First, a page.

That’s never been so apparent as it was watching the tournament in Vancouver. The difference between the hockey we saw at the Olympics and that dog’s breakfast we’re subjected to every night on Versus is startling. The action was nonstop. The play was frenetic. But it was also physical; this wasn’t some mamby-pamby, no-stakes, gentlemen’s-agreement-not-to-hit-each-other-then-grab-a-Molson-afterward exhibition like the NHL All-Star Game. The hitting was relentless. The checking was vicious. And more than anything, the stakes were high and it was reflected in the caliber of play.
So, like a lot of Americans who were caught up in the excitement of Vancouver, I tried to carry it over once regular hockey started back up. And when I opened my eyes, what I saw staring back at me across the pillow was the same Medusa face that caused me to grab my clothes and sneak out the back door without waking her so many times before.
Because let’s be honest. Even the most hardcore puckhead — one of those humorless, uber-sensitive, Hockey News-subscribing diehards who defends their sport like Opus Dei guarded the Da Vinci Code — have to admit that 99 percent of all NHL hockey is pure dreck. Meaningless games no one cares about between teams no one pays attention to. Seriously, didn’t Reg Dunlop and his boys take a nine-hour bus ride to face the Columbus Blue Jackets?
Gary Bettman and the rest of the bungling idiots who run the NHL have done the impossible. They’ve taken a sport in which you hand sharp sticks to a bunch of Canadian goons and Eastern Bloc thugs and send them out on an ice rink together, and made it boring. Just on pure bloodlust alone, pro hockey should have the entertainment value of an old Roman bull and bear fight. But what we usually get instead has all the excitement of passive-aggressive dinner night at my in-laws’ house.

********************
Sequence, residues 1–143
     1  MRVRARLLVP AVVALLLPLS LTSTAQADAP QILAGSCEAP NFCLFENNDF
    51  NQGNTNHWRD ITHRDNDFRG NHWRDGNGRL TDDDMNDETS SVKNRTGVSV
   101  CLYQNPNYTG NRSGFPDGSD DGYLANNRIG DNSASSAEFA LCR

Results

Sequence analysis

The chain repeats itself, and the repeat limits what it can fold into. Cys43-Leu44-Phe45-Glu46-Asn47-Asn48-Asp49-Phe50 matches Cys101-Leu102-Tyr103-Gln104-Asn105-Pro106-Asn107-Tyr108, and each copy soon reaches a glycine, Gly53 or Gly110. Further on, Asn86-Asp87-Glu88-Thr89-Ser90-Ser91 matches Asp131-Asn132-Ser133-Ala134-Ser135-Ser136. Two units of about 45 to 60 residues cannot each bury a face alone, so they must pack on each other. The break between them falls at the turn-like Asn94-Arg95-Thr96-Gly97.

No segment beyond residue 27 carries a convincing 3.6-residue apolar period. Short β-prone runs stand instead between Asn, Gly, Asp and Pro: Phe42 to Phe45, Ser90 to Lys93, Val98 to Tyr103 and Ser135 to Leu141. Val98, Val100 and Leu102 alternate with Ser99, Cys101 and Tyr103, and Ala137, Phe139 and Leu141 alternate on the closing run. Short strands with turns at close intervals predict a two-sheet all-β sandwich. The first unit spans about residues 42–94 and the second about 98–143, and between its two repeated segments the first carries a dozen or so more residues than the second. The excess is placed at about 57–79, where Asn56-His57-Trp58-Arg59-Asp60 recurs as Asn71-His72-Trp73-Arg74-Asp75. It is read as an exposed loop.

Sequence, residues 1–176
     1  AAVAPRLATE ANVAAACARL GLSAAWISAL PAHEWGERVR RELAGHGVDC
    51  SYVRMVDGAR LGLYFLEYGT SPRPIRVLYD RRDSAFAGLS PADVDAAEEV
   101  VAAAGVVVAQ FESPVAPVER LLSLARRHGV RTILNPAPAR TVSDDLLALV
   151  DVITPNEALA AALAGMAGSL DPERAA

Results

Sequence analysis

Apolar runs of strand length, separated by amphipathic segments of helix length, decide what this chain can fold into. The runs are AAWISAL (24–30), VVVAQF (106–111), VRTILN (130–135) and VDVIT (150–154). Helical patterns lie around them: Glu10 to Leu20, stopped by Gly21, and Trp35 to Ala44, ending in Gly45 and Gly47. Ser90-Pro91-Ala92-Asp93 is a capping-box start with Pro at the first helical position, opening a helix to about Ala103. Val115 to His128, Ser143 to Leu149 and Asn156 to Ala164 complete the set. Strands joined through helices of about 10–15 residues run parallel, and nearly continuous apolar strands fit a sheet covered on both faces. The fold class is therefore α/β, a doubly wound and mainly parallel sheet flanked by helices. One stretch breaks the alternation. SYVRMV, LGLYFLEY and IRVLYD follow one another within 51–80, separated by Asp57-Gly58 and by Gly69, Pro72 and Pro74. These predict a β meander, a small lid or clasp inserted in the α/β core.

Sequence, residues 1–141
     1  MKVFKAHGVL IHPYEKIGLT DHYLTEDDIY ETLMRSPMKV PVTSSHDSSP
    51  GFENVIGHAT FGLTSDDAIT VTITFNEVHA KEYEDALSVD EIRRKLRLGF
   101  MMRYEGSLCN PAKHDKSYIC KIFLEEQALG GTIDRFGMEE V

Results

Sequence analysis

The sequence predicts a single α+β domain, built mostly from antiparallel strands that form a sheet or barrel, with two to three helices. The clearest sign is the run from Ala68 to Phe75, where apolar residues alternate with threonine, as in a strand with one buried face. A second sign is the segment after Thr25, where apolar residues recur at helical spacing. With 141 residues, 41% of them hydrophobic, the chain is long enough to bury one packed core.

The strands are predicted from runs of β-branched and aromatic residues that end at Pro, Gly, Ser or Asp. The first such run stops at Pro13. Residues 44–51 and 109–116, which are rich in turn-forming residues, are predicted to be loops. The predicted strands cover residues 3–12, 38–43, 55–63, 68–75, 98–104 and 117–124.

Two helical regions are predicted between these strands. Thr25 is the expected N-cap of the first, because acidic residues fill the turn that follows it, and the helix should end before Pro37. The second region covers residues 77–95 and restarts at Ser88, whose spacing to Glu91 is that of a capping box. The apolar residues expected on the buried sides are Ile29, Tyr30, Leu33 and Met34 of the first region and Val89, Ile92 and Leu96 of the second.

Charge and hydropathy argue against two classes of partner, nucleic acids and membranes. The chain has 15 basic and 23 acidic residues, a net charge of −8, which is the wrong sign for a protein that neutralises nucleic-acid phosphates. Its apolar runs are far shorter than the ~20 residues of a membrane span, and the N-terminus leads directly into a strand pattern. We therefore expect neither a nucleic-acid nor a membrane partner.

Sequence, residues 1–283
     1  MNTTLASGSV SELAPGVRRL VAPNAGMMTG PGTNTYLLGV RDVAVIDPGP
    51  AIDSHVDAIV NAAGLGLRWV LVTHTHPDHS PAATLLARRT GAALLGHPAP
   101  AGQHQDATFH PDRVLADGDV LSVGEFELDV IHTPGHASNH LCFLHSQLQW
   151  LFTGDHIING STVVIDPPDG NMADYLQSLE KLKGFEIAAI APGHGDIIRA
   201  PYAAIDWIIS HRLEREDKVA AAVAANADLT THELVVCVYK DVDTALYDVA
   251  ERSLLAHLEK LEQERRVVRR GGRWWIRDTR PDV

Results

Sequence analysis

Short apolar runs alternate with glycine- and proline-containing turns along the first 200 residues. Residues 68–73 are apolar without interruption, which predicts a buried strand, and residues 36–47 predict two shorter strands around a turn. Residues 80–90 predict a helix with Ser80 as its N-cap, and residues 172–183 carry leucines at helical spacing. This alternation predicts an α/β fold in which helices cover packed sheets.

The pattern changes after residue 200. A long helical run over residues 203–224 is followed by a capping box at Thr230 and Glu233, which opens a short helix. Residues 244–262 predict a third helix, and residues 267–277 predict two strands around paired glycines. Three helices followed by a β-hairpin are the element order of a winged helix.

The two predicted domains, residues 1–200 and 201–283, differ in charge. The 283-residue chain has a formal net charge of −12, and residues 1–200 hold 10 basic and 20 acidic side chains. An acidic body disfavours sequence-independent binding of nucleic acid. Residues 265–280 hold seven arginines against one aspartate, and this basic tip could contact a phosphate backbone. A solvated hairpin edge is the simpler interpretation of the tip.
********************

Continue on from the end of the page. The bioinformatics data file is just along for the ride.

What the Lords of the Boards have done over the years is nothing less than take something I should care deeply about and ruin it through their own incompetence and mismanagement. And for that I can never forgive them. It’s akin to what Hollywood has done with Seth Rogen movies; taking the humor of “The 40-Year-Old Virgin” and the hilarity of “Superbad” and squeezing all the fun out until we’re left with the joyless, annoying jackassery of “Pineapple Express” and “Zack and Miri Make a Porno” and they’re not to be forgiven for it.
I should love hockey. I should be following the league like I do all the others. I should be able to name all the guys on the Bruins’ fourth line or more than six NHL goalies. But the powers that be wrecked it for me and millions more like me.